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Song! made in lieu of many ornaments,
With which my Love should duly have been dect,
Which cutting off through hasty accidents,
Ye would not stay your dew time to expect,
But promist both to recompens;
Be unto her a goodly ornament,
And for short time an endlesse moniment!


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IN youth, before I waxed old,

The blynd boy, Venus baby,
For want of cunning made me bold,
In bitter hyve to grope for honny :
But, when he saw me stung and cry,
He tooke his wings and away did fly.

S Diane hunted on a day,


She chaunst to come where Cupid lay,
His quiver by his head :

One of his shafts she stole away,

And one of hers did close convay

Into the others stead:

With that Love wounded my Loves hart,
But Diane beasts with Cupids dart.


SAW, in secret to my Dame,
How little Cupid humbly came,
And said to her; "All hayle, my mother!"
But, when he saw me laugh, for shame
His face with bashfull blood did flame,
Not knowing Venus from the other.
"Then, never blush, Cupid, quoth I,
For many have err'd in this beauty."


PON a day, as Love lay sweetly slumbring
All in his mothers lap;

A gentle Bee, with his loud trumpet murm'ring,
About him flew by hap.

Whereof when he was wakened with the noyse,
And saw the beast so small;

"Whats this (quoth he) that gives so great a voyce, That wakens men withall?"

In angry wize he flies about,

And threatens all with corage stout.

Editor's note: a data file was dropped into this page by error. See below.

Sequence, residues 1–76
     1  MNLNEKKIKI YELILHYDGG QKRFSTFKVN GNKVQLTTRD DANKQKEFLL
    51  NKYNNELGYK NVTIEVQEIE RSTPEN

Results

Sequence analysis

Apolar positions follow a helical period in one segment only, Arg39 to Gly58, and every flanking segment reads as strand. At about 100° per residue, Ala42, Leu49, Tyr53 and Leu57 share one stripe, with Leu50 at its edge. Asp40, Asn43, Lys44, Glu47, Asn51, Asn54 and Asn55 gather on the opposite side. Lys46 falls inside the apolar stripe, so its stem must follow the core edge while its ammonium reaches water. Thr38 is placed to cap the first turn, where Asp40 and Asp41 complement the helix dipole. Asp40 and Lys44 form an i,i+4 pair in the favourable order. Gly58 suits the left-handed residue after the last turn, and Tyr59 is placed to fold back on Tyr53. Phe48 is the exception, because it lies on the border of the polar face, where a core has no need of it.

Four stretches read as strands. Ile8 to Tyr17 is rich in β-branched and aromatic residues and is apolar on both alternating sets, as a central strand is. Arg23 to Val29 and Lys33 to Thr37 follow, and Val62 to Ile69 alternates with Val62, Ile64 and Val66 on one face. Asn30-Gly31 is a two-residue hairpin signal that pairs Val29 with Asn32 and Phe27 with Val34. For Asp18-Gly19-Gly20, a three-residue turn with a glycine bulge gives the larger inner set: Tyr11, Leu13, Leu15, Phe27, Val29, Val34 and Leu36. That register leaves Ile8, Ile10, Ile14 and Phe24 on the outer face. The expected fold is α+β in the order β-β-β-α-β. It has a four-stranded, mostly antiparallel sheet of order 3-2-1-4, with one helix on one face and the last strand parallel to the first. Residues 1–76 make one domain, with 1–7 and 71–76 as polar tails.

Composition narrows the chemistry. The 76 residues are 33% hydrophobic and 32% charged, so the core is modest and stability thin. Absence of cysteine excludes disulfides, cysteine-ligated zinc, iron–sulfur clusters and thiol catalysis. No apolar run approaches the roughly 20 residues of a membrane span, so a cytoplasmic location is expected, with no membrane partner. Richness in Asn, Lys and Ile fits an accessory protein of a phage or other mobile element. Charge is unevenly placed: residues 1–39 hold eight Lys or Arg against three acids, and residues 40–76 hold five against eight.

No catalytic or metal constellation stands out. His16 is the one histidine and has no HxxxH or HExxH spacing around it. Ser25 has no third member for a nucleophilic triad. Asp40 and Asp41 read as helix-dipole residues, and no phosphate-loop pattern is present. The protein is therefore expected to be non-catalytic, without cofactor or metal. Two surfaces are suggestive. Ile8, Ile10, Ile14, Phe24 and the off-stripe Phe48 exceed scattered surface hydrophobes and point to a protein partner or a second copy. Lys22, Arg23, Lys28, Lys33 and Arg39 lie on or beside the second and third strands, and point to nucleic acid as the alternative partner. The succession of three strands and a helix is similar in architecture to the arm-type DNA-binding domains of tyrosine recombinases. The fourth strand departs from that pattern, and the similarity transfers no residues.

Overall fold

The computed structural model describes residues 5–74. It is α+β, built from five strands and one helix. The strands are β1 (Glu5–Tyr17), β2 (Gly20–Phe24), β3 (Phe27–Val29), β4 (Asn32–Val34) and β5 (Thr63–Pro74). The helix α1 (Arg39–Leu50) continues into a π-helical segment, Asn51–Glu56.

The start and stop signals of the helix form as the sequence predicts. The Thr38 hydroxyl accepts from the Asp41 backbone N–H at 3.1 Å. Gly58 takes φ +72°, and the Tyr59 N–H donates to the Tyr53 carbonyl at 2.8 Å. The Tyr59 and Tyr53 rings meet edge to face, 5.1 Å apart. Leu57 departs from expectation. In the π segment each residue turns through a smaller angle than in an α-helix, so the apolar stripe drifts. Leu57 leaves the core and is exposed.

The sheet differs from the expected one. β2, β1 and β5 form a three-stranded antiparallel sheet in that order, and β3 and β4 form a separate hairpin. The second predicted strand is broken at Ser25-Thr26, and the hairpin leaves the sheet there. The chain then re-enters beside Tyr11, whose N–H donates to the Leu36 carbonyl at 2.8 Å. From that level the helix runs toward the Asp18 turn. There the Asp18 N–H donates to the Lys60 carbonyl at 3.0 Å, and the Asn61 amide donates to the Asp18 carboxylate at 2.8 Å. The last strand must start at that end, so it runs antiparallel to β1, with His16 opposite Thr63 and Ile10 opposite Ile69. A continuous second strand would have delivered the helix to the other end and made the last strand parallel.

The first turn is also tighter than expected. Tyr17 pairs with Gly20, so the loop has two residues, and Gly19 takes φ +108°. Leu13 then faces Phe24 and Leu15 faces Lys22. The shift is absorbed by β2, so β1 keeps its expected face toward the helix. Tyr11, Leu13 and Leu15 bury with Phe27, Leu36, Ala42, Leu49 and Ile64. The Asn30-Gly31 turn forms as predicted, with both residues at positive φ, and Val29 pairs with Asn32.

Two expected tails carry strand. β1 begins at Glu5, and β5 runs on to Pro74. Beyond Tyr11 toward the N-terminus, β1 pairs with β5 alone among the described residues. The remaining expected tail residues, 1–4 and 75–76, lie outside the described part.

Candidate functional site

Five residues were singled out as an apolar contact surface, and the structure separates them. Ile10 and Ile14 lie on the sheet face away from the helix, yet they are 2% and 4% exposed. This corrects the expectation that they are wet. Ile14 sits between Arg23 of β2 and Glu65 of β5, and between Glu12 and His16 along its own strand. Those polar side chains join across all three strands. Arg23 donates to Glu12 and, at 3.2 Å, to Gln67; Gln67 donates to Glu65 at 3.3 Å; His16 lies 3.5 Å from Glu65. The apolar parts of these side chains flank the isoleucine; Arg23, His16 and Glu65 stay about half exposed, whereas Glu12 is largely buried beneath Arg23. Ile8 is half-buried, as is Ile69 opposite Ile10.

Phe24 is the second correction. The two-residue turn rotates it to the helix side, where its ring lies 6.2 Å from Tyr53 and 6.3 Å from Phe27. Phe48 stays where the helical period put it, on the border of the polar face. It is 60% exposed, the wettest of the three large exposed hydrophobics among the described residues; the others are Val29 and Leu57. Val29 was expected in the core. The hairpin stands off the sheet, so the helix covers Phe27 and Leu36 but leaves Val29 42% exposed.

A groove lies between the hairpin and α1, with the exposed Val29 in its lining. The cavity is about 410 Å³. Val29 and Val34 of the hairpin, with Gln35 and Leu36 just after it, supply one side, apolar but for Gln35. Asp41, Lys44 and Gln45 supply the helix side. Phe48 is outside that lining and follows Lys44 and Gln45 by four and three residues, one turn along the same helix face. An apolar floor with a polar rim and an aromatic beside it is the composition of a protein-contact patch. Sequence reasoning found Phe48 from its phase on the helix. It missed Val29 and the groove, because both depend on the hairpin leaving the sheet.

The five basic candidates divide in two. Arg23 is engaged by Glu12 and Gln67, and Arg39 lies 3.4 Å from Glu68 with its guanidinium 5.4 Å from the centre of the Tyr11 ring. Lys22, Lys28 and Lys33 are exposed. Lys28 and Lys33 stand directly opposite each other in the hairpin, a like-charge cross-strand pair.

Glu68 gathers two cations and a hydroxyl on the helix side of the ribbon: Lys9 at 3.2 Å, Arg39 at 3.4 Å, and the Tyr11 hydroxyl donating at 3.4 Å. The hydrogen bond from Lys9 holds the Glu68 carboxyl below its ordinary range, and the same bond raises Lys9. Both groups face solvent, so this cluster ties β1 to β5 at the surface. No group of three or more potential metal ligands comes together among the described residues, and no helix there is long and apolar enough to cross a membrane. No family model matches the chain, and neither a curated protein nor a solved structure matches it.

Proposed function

To whom his mother closely smiling sayd,

"Twixt earnest and 'twixt game:

"See! thou thy selfe likewise art lyttle made,
If thou regard the same.

And yet thou suffrest neyther Gods in sky,
Nor men in earth, to rest :

But, when thou art disposed cruelly,
Theyr sleepe thou doost molest.
Then eyther change thy cruelty,
Or give lyke leave unto the fly."
Nathelesse, the cruell boy, not so content,
Would needs the fly pursue;

And in his hand with heedlesse hardiment,
Him caught for to subdue.

But, when on it he hasty hand did lay,
The Bee him stung therefore:
"Now out alas, he cryde, and welaway,
I wounded am full sore:

The fly, that I so much did scorne,

Hath hurt me with his little horne."

Unto his mother straight he weeping came,

And of his griefe complayned:

Who could not chuse but laugh at his fond game,

Though sad to see him pained.

"Think now (quoth she) my son, how great the smart

Of those whom thou dost wound:

Full many thou hast pricked to the hart,

That pitty never found:

Therefore, henceforth some pitty take,
When thou doest spoyle of Lovers make.”
She tooke him streight full pitiously lamenting,
And wrapt him in her smock :

She wrapt him softly, all the while repenting
That he the fly did mock.

She drest his wound, and it embaulmed well

With salve of soveraigne might:

And then she bath'd him in a dainty well,

The well of deare delight.

Who would not oft be stung as this,

To be so bath'd in Venus blis?

The wanton boy was shortly wel recured
Of that his malady:

But he, soone after, fresh again enured

His former cruelty.

And since that time he wounded hath my selfe

With his sharpe dart of Love:

And now forgets the cruell carelesse elfe

His mothers heast to prove.

So now I languish, till he please

My pining anguish to appease.

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